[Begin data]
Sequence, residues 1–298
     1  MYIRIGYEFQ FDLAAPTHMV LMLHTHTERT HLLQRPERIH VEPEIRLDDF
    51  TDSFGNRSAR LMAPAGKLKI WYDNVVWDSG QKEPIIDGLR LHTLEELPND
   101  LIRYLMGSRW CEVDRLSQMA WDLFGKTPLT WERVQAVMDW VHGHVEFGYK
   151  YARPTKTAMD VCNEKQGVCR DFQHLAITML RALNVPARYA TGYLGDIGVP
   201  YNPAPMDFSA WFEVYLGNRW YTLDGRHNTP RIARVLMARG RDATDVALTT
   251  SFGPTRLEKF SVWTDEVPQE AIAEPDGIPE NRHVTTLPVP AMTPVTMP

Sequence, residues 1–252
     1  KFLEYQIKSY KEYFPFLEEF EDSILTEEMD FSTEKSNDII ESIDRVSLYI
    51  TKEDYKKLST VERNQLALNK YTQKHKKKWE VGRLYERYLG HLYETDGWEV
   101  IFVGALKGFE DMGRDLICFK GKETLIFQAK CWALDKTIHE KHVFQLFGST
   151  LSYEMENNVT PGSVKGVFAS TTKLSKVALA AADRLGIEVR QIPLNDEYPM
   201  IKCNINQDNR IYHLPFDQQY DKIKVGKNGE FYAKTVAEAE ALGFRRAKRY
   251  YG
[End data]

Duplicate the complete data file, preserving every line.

Sequence, residues 1–298
     1  MYIRIGYEFQ FDLAAPTHMV LMLHTHTERT HLLQRPERIH VEPEIRLDDF
    51  TDSFGNRSAR LMAPAGKLKI WYDNVVWDSG QKEPIIDGLR LHTLEELPND
   101  LIRYLMGSRW CEVDRLSQMA WDLFGKTPLT WERVQAVMDW VHGHVEFGYK
   151  YARPTKTAMD VCNEKQGVCR DFQHLAITML RALNVPARYA TGYLGDIGVP
   201  YNPAPMDFSA WFEVYLGNRW YTLDGRHNTP RIARVLMARG RDATDVALTT
   251  SFGPTRLEKF SVWTDEVPQE AIAEPDGIPE NRHVTTLPVP AMTPVTMP

Sequence, residues 1–252
     1  KFLEYQIKSY KEYFPFLEEF EDSILTEEMD FSTEKSNDII ESIDRVSLYI
    51  TKEDYKKLST VERNQLALNK YTQKHKKKWE VGRLYERYLG HLYETDGWEV
   101  IFVGALKGFE DMGRDLICFK GKETLIFQAK CWALDKTIHE KHVFQLFGST
   151  LSYEMENNVT PGSVKGVFAS TTKLSKVALA AADRLGIEVR QIPLNDEYPM
   201  IKCNINQDNR IYHLPFDQQY DKIKVGKNGE FYAKTVAEAE ALGFRRAKRY
   251  YG